Nuclear for Climate have called for the new UNFCCC (United Nations Framework Convention on Climate Change) Protocols to recognize nuclear energy as a low-carbon energy option, and to include it in its climate funding mechanisms, as is the case for all other low-carbon energy sources.
You can read a full copy of the declaration here.
Source: Nuclear Matters
Image: EDF Energy, Heysham 1 nuclear power station.
EDF Energy has awarded a contract for its nuclear power stations in the UK.
Engineering firm Jacobs will provide project management resources to EDF’s eight nuclear power stations and two technical centres in the UK.
Company officials did not disclose the contract value but noted it is for five years with optional two-year extensions.
The eight power stations have a combined capacity of almost 8.8 million KW.
Jacobs Group Vice President Bob Duff said: “We are delighted to continue supporting EDF Energy on this major programme of nuclear power investment in the UK.
“We look forward to contributing significant expertise, local knowledge and global resource to help deliver safe, robust solutions across these important assets.”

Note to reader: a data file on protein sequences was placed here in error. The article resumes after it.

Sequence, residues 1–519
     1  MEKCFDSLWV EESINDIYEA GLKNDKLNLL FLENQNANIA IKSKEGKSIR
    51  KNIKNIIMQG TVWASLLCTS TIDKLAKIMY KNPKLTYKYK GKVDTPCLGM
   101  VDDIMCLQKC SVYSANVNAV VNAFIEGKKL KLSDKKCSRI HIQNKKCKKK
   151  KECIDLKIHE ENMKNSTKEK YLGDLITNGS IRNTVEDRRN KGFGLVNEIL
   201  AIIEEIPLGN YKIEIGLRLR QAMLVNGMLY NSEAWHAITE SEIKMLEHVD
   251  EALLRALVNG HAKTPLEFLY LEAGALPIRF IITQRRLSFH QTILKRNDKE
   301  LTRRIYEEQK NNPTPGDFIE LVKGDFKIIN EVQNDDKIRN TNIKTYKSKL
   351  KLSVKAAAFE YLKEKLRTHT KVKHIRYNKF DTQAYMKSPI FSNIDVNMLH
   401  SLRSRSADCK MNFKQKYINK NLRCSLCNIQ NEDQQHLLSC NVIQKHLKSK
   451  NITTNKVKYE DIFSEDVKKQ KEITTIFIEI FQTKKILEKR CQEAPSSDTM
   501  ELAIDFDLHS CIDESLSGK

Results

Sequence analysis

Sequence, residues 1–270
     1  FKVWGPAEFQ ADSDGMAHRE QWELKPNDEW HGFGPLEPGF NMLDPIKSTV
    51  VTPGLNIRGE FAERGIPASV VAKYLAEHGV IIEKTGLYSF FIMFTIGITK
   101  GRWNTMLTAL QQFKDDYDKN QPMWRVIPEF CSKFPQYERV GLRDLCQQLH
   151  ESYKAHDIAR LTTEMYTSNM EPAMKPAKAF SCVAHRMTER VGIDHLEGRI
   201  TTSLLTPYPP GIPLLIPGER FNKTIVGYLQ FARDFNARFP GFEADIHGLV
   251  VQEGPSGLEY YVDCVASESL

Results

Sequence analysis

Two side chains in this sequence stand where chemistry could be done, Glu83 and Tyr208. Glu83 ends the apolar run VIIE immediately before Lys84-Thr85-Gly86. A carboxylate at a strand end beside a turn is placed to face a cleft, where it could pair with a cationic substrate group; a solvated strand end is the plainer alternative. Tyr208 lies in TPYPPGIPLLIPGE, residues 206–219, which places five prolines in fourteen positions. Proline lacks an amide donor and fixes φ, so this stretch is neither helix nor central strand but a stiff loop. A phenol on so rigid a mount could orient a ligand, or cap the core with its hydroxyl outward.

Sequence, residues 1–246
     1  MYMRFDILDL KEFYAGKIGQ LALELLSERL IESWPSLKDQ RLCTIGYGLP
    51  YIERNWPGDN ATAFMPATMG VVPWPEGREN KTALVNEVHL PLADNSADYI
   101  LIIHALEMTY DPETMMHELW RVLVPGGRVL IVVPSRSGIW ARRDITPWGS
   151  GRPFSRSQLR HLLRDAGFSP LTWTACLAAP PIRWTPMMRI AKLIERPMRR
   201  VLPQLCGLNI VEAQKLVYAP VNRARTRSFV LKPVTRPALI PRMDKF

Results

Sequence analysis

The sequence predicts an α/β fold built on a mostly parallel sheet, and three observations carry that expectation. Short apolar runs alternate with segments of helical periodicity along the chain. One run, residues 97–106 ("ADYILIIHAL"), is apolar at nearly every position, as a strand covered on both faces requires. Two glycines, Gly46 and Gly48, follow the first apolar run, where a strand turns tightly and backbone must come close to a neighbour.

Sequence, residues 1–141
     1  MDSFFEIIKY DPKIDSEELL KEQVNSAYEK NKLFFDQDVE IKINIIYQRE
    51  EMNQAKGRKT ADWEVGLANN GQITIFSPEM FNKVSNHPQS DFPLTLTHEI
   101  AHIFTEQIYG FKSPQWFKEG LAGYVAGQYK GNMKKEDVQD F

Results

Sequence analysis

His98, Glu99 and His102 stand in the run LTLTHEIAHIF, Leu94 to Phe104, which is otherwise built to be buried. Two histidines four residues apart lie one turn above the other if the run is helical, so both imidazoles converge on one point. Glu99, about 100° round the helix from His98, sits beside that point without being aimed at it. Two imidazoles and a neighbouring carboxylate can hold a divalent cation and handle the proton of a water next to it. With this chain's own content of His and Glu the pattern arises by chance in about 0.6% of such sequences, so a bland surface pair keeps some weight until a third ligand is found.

Source: Energy Live News
Sellafield Ltd is to support a new world-class training facility, the National College for Nuclear (NCfN), to make Cumbria the UK’s centre for nuclear excellence.
The company, along with EDF Energy, is set to invest in the Government’s new National College for Nuclear, allowing staff and subject matter experts to combine their enthusiasm and expertise to make learning in the college relevant and realistic.
As part of Sellafield Ltd’s commitment to investing in the skills and development of the next generation of nuclear workers, representatives from the company will deliver specialist vocational training to the West Cumbrian branch of the college to help meet the present and future skills needs of the UK’s nuclear industry.